Yesterday was a long day…so was the day before. This week is dress rehearsal for one of the Christmas programs I am involved in, so every night is booked. Plus, there is the normal amount of classes to attend, chores to fulfill, and every day life to take care of. Last night was stingy on the allotment of sleep I am allowed, so needless to say, I am tired and it’s only half-way through the week. This means that I am not up to my normal functioning level.
With this in mind, let me tell you about my morning…you may find in interesting. Around 6:20 this morning Dad was ready to eat. Over half of the family wasn’t out of bed yet, so he made a round to each room and informed the occupant that breakfast would be served in five minutes. Now in my family, about half of them do not do well eating immediately after they rise and two more, which are usually not apart of that group, were this morning, due to sinus issues.
After dragging myself out of the top bunk, down the stairs, and (in a round about way) to the table, I sat facing a breakfast of scrabbled eggs and cold cereal. I am one of the two who had sinus issues, so I just ate the cold cereal. Usually, we have goat milk for our cereal, but as I am drying up the goats (I will explain latter), we had store bought, two percent, homogenized cow milk. Owing to the sinus issues I was experiencing, the cereal didn’t have the same appeal as normal. Plus the milk was awful! It was like using slightly flavored, colored water! Yuck!
Next up was Bible study and after that I lay down on the bed and rested for half an hour or so. I don’t usually do that, but this week with its late nights and early mornings has been an exception.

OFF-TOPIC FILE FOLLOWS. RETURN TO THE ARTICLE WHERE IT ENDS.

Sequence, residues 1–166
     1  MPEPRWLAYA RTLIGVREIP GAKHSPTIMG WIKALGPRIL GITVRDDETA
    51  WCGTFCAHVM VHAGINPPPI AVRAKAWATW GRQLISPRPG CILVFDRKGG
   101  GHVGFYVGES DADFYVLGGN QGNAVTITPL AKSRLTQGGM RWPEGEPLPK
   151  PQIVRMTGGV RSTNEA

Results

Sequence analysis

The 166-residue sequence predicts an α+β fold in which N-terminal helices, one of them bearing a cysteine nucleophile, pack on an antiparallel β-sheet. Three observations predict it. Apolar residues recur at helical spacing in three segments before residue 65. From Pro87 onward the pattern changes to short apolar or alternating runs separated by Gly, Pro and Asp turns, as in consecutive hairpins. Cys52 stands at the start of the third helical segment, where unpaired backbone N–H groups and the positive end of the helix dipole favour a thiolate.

Chores outside are a dreary task for me in the winter. Once my hands are cold, I can’t use them and the poor goats have a hard time with cold fingers on their warm udders. I decided that I would go ahead and dry the does up a month early due to the cold and a few other factors. So, this morning after wrapping up in a snow suit, scarf, hat, gloves, (I told you I can’t take the cold very well) I donned on my rubber boots and headed out to the shed to check the does.
First, I had to stumble through the fuzzy mess of Angoras while holding a bucket of unfrozen water that looked very much like their feed bucket. After disappointing them, I turned my attention to the milk does. Jael was in too much of a hurry, so she slipped through the two strand electric fence and high-tailed it to the barn where she thought her milk stand was filled with grain…it wasn’t…thankfully, my sister was in there feeding the chickens and she took care of Jael for me.
I hadn’t filled the milk stand feeders because I didn’t know if the goats were tight enough to justify reliving them a bit or not. With Jael gone, Violet was left to check. I tucked Violet’s head between my legs and leaned forward to slide my hand down her back and to her udder. She didn’t like that.
Lesson from the Frost Number One: Frost covered grass is slippery. Violet took off like lightning and so did I…backwards…on her back. My boots siding along the ground until traction was finally found in a patch of non-frosted ground. Has anyone else ever ridden a goat? I have, for about twenty feet. I finally did corner Violet and her udder was tight, so I let her go flying to the barn while I went to the house to gather the milking supplies. I usually have everything ready and waiting in the barn, but since I thought I wouldn’t have to milk today, I didn’t.
Lesson from the Frost Number Two: Frost covered porch stairs are slippery. Yep, the first stair I put my foot on found me sprawled out like a possum who sees his life flash before him when a car narrowly misses him! I just laid there for half a minute trying to decide if it would be better to get up or just to stay down.
I did finally relive the goats from too thier milk pressure and a few slips and sides later, I did make it back in the house. I think I’ve had enough excitement for the day, but life doesn’t work that way…I wonder what will happen tonight?